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Old 02-14-2003, 08:37 AM   #26
Andrew Wilson
Dojo: jiyushikan
Location: Phoenix, AZ
Join Date: Dec 2002
Posts: 31
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am I the only one who thinks the whole idea of this post is silly?

I dont think ANY martial style was created to do anything other then defend a person. I mean hell, its not like we are out there baking cookies.

Its a matter of application of those skills at the time, and frankly, I am finding people who want to know if "this is street effective" are just flat out scared of their own ability. Aikido, and NO OTHER MARTIAL ART is some magical system that will make you super street fighter. YOU have to apply the things you learn to a street situation.

thats my two cents on this whole crum.

I train in aikido, I trust not only in it, but in myself. That is enough proof for me. hearing stories of people gettin hurt/or hurting others is lame. I get to see that often enough.

"The wise man, after learning something new, is afraid to learn anything more until he has put his first lesson into practice." - Tzu Lu
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Old 02-14-2003, 09:57 AM   #27
faramos
Dojo: University of Chicago Aikido Club
Location: Chicago
Join Date: Feb 2002
Posts: 36
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Response to Andrew

Well, I can't really dispute your position, Andrew, be it somewhat conflicting with several of the comments. Yet to an extent there are several valid points to be made here concerning how people view and practice Aikido. To be honest I feel I need to be blunt with others as to how it has benefited me mentally and phsyically. Its reassuring to know that other people have used Aikido in highly tense situations. As one of my sensei's often points out: "We train for the worst case senario because we are never sure what it may be. And if it is physical danger, then we understand the consequences and responsibilities we have to the person that wants to harm us and ourselves."

Sure, there are posts about injury and harm that we may not agree with, but as we all come to realize on and off the mat, responsilibity for our actions lies within ourselves. Sure, no assault or conflict is ever the same, but given the right amount of information about other bad situations- as well as the responses- we can only hope to improve, our understanding of what a worst case senario can be. That in itself is reason enough to take all points into consideration.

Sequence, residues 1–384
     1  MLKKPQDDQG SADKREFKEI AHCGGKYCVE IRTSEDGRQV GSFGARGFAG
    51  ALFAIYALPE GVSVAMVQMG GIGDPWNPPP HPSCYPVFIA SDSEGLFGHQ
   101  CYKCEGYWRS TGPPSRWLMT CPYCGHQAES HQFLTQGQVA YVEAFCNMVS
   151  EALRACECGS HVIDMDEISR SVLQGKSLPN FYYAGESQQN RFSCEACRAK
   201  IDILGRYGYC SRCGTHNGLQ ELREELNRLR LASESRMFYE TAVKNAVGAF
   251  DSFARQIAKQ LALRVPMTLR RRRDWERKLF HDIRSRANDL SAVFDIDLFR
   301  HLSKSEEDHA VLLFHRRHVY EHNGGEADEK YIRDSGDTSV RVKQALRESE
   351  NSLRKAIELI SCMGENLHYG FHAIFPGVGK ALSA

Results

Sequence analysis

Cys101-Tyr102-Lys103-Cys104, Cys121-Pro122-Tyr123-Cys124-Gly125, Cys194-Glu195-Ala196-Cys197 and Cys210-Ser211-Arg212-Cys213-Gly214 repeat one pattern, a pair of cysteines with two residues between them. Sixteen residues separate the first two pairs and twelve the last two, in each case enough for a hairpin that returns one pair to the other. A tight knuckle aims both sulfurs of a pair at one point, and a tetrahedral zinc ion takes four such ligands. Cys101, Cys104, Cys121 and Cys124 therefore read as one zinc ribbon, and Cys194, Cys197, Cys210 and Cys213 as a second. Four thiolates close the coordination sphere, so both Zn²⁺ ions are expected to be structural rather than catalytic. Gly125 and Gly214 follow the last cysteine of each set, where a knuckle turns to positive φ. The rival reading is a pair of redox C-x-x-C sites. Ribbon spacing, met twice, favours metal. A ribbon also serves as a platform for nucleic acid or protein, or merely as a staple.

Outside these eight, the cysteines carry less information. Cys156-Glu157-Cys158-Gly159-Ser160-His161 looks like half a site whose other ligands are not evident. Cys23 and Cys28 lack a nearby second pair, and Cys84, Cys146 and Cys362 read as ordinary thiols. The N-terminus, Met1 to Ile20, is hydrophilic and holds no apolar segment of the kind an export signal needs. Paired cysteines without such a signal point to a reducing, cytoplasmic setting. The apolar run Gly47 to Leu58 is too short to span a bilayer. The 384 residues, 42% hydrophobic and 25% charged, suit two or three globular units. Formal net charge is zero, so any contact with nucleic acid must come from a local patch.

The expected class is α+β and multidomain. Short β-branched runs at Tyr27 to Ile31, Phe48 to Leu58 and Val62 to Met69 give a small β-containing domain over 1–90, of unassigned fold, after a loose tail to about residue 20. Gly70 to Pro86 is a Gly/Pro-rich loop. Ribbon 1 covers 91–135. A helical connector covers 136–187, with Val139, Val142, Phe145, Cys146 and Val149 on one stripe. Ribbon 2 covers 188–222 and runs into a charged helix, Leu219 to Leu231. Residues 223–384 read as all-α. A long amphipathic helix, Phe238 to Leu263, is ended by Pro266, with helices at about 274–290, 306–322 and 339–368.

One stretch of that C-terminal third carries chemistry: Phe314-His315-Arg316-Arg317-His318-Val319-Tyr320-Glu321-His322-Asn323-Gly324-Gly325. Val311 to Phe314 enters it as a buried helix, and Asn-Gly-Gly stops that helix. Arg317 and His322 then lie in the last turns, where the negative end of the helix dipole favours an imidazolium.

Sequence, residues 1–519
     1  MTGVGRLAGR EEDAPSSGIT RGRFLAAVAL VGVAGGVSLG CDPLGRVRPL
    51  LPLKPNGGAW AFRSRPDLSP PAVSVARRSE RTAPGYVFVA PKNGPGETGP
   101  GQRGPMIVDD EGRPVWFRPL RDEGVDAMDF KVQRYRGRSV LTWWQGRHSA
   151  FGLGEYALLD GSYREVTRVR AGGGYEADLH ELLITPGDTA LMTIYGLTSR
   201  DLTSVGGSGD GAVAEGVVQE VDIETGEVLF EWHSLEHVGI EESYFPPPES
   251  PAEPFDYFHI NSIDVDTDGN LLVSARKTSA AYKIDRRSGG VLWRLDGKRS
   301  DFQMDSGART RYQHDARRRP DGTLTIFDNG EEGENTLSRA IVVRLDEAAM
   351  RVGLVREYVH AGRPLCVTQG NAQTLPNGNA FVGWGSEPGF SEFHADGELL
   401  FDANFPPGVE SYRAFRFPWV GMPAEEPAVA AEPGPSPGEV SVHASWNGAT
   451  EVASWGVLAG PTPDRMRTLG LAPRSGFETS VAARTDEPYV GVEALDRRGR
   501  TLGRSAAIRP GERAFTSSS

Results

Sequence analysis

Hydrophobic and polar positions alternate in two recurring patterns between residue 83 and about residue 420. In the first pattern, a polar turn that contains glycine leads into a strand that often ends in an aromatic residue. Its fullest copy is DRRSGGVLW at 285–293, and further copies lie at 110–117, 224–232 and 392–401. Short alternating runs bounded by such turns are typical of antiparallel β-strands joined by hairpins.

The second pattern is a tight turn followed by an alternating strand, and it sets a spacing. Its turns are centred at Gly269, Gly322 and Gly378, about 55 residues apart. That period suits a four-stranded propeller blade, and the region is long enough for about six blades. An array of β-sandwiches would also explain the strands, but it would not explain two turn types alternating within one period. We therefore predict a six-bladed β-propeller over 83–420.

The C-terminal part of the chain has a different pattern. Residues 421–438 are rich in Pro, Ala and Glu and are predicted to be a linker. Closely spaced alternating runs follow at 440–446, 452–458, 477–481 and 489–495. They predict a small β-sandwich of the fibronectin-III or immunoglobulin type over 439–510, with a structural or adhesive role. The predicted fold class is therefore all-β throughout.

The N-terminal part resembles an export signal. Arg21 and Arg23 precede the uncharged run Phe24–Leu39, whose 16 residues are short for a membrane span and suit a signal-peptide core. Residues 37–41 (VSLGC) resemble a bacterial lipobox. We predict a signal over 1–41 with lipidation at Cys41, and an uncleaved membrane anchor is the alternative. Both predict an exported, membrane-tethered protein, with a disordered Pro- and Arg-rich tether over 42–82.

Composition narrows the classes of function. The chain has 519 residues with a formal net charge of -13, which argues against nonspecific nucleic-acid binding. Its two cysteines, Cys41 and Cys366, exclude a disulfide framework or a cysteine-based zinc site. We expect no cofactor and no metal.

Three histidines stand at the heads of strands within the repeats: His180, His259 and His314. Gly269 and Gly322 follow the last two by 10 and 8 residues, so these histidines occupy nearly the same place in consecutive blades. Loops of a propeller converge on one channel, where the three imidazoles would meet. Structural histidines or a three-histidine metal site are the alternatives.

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Old 02-14-2003, 03:36 PM   #28
Chris Raywood
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Posts: 24
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In reply

This thread seems to be going off on a tangent that I hoped would not happen, but apparently is. I apologize for apparently not making myself clear.

My purpose in introducing this thread was to hopefully address the question posed in the beginning paragraph. I have been reviewing this site for several weeks, and seem to run into constant opinions and theories as to the street effectiveness of Aikido. "Aikido is effective", "No its not", "Yes it is", "No its not, Etc. etc, etc. On and on and on.

I think what finally got to me was a post by a person who determined that aikido was not street effective based on his review of several Ultimate Fighting Championship video tapes. I will admit the UFC is about as close as it gets, but there are still rules. There are no rules on the street. Maybe the guy is right, maybe the guy is wrong.

I wondered, Who is this man?, Has he ever got into the octagon with an Aikidoka? Has he ever got into the octagon at all? Has he been in multiple street fights so he can make this determination?

I have great respect for the vast majority of responents on this web site. They are educated and offer views that I highly regard.

I am however, getting very weary of a few self proclaimed "experts" that seems to know what techniques (and arts) will work and what will not. I tend to believe that if asked these "experts" would probably admit to their lack of actual combat experience that would qualify them to make such opinions and comments.

These "experts" are not restricted to this site. In particular, I tend to see many in publications such as Black Belt magazine. There they are (usually in the editorial column) finger pointing, proclaiming that their Kung Fu (or whatever)is better than this guy's Goju Ryu (or whatever) in a real street application. The thing that gets to me is that they never offer any "true" experience to back their claims.